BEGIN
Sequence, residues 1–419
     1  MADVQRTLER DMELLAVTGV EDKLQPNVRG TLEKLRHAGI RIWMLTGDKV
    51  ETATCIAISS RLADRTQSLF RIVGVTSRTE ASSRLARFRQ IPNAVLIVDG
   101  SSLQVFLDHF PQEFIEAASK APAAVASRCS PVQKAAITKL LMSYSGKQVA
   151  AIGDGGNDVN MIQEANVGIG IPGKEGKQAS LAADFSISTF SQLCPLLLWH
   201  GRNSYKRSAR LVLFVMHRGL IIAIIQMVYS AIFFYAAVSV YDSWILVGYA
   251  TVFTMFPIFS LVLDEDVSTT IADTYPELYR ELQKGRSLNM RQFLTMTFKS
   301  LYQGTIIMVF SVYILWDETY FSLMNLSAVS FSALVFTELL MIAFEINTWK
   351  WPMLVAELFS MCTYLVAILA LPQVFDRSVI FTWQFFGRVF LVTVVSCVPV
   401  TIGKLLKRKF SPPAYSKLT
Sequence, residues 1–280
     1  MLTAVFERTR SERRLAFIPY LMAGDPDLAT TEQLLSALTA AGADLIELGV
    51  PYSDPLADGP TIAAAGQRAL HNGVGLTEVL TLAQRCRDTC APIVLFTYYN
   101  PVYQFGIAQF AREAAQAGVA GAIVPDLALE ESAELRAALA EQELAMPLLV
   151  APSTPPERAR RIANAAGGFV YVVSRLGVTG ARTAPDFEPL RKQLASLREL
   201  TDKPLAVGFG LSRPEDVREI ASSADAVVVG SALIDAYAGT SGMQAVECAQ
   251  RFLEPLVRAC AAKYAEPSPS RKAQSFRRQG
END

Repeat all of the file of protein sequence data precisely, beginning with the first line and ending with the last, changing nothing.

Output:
Sequence, residues 1–419
     1  MADVQRTLER DMELLAVTGV EDKLQPNVRG TLEKLRHAGI RIWMLTGDKV
    51  ETATCIAISS RLADRTQSLF RIVGVTSRTE ASSRLARFRQ IPNAVLIVDG
   101  SSLQVFLDHF PQEFIEAASK APAAVASRCS PVQKAAITKL LMSYSGKQVA
   151  AIGDGGNDVN MIQEANVGIG IPGKEGKQAS LAADFSISTF SQLCPLLLWH
   201  GRNSYKRSAR LVLFVMHRGL IIAIIQMVYS AIFFYAAVSV YDSWILVGYA
   251  TVFTMFPIFS LVLDEDVSTT IADTYPELYR ELQKGRSLNM RQFLTMTFKS
   301  LYQGTIIMVF SVYILWDETY FSLMNLSAVS FSALVFTELL MIAFEINTWK
   351  WPMLVAELFS MCTYLVAILA LPQVFDRSVI FTWQFFGRVF LVTVVSCVPV
   401  TIGKLLKRKF SPPAYSKLT
Sequence, residues 1–280
     1  MLTAVFERTR SERRLAFIPY LMAGDPDLAT TEQLLSALTA AGADLIELGV
    51  PYSDPLADGP TIAAAGQRAL HNGVGLTEVL TLAQRCRDTC APIVLFTYYN
   101  PVYQFGIAQF AREAAQAGVA GAIVPDLALE ESAELRAALA EQELAMPLLV
   151  APSTPPERAR RIANAAGGFV YVVSRLGVTG ARTAPDFEPL RKQLASLREL
   201  TDKPLAVGFG LSRPEDVREI ASSADAVVVG SALIDAYAGT SGMQAVECAQ
   251  RFLEPLVRAC AAKYAEPSPS RKAQSFRRQG